Three weeks into its state of local emergency, the Town of Purcellville now has a set of ordinances to follow during the remainder of the coronavirus pandemic.
The Town Council voted unanimously Wednesday night to adopt an ordinance regulating government operations during states of local emergency. Town Manager David Mekarski declared the state of emergency March 16. The ordinance lays out an emergency succession plan, steps to take when making new hires, giving promotions and amending contracts, and protocols for electronic meetings.
If the town manager is unable to act during a state of emergency, he will be succeeded jointly by the administration director, who will direct normal governmental operations, and the police chief, who will direct emergency command operations.
When Councilman Nedim Ogelman raised concern about the checks and balances of the town manager during emergency situations, Mekarski said there was a rationale for the succession pattern. He pointed out that he is trained under the Incident Command System and has experience dealing with natural disasters. In 2004, while working as the city manager of Vero Beach, FL, Mekarski said he led efforts to rebuild the community following more than $60 million of damage left by hurricanes Frances and Jeane.
Mekarski said the only other individuals within the Purcellville town government with that sort of training are Police Chief Cynthia McAlister and Deputy Police Chief Dave Dailey. He added that he was confident in Administration Director Hooper McCann’s abilities to manage the town’s day-to-day operations.
Under the ordinance, the town manager may also designate emergency interim successors for the positions of town clerk, town attorney and all department directors.
During states of emergency, the town manager, or his successor, may hire, promote, transfer and reinstate employees as needed; change employee job functions and set wages to account for those changes; convert nonexempt employees to exempt status as allowed under the Fair Labor Standards Act; and establish leave and work-from-home policies. Staffers are prohibited from filing grievances against the town during states of emergencies.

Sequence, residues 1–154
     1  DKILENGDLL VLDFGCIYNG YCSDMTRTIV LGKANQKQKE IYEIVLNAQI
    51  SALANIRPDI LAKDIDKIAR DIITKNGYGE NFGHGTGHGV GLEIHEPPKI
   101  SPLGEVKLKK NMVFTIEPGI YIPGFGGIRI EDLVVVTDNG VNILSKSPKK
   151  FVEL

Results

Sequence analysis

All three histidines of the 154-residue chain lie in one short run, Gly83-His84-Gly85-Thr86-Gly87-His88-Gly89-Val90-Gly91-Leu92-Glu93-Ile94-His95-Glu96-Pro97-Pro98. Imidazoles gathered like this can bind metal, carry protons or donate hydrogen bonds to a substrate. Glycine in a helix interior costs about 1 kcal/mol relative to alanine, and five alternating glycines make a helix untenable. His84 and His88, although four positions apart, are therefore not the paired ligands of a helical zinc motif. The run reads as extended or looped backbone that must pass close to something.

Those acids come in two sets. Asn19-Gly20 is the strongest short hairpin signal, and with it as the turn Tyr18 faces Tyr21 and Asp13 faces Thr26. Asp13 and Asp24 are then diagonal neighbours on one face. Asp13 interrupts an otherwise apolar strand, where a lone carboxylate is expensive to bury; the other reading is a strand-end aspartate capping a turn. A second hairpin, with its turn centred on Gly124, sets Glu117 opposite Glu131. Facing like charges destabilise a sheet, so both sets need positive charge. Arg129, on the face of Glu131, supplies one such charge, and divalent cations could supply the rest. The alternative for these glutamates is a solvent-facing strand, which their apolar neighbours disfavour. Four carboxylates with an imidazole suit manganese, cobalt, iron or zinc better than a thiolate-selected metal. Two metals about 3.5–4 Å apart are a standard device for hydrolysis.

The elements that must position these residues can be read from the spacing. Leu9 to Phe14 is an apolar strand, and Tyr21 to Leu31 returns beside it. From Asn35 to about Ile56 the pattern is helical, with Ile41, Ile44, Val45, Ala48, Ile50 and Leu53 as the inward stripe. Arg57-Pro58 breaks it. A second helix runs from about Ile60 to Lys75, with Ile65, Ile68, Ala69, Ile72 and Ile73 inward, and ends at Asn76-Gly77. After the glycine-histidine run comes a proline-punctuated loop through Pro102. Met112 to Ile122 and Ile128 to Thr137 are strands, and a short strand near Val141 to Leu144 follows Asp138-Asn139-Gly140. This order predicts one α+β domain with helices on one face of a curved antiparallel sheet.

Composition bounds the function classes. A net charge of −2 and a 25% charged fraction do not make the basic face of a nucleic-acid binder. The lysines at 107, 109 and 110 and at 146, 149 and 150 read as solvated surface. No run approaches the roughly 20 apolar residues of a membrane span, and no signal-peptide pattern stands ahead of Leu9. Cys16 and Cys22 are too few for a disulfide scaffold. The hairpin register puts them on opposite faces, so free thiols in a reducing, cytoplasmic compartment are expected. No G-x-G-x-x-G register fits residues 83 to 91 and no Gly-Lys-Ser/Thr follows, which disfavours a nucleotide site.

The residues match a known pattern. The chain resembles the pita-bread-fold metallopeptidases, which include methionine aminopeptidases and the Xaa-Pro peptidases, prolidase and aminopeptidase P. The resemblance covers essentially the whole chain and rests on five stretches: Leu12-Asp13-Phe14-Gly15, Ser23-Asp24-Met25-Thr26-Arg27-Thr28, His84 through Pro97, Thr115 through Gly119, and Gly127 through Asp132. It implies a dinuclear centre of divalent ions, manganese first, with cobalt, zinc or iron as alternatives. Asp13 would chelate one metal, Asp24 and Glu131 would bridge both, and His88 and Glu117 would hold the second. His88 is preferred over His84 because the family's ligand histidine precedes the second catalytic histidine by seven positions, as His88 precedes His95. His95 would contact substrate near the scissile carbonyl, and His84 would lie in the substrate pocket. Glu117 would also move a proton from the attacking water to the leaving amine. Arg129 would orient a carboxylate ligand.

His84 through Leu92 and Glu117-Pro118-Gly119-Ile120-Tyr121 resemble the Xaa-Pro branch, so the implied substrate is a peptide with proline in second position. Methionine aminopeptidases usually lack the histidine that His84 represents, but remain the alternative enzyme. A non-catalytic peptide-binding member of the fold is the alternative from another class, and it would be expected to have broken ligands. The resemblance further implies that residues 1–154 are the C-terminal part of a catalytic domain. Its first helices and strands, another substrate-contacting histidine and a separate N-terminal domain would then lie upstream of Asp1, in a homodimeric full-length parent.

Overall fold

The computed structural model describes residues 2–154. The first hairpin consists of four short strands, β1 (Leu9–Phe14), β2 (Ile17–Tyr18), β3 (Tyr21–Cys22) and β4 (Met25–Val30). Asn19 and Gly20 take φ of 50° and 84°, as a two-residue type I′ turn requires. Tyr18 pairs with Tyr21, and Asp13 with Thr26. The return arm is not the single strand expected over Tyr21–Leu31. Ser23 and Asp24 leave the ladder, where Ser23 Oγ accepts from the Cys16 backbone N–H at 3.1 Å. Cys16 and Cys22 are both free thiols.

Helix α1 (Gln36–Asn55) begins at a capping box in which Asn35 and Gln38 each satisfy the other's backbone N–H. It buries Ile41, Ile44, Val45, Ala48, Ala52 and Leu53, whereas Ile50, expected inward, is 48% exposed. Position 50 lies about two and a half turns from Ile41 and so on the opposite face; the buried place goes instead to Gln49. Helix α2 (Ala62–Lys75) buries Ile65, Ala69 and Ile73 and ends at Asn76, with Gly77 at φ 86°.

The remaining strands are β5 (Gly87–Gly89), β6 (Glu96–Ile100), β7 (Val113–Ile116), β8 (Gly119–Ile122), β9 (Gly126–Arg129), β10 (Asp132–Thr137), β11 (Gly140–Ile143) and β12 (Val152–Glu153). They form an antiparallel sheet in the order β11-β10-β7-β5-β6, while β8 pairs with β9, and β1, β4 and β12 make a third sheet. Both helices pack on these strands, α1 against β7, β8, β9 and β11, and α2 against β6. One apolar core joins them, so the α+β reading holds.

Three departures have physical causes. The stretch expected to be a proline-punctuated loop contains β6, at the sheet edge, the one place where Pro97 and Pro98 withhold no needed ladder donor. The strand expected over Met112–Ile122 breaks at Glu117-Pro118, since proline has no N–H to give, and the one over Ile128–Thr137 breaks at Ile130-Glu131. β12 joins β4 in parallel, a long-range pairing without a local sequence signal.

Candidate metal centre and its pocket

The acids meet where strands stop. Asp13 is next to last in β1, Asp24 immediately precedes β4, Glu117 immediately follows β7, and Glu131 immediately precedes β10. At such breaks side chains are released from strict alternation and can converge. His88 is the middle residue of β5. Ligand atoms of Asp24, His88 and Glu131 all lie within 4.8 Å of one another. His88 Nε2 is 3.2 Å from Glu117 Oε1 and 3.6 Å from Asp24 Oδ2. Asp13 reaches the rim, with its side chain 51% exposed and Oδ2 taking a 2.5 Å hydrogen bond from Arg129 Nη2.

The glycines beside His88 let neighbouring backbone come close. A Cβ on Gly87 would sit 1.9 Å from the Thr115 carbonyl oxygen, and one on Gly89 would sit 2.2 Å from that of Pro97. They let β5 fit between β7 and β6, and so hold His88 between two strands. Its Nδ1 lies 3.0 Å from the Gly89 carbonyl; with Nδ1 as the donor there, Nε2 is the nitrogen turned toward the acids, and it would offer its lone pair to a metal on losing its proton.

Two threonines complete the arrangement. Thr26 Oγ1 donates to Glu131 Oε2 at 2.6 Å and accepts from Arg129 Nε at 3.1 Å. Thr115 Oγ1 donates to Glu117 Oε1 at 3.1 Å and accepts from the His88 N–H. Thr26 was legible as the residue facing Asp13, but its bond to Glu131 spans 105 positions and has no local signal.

The town manager or successor also will have the authority to amend the terms of existing contracts as needed to address the emergency and expend money from reserve funds; defer due dates for taxes, charges and fees; prohibit the public from entering or congregating around town-owned buildings and real property; suspend the provision of nonessential government services; and cancel or postpone town events.
During states of emergency, the Town Council can adopt ordinances without first advertising or holding public hearings if the town manager determines that the adoption of such ordinances are necessary to continue government functions. The town manager also would need to find that a delay caused by the need to advertise and hold a public hearing would harm public health, safety or welfare, or if the physical assembly of the public would cause that harm.
During states of emergency, the town manager may disallow public attendance at meetings to protect public health, safety or welfare as long as those meetings feature live audio and video broadcasts and dial-in phone numbers to accommodate at least 100 people, among other provisions.
The town manager may also direct that meetings be held solely by electronic means without a quorum of council members physically present. If the Town Council lacks quorum, either physically or electronically, a majority vote by the council members participating in the meeting will make a decision binding.
Vice Mayor Tip Stinnette said the new ordinance was crafted using the Town of Leesburg’s ordinance, adopted April 3 as a guideline.
“They follow in lockstep,” Stinnette said. “It’s not like we’re out there making this stuff up on our own.”
Any provision of the ordinance can be amended by a Town Council vote at any time.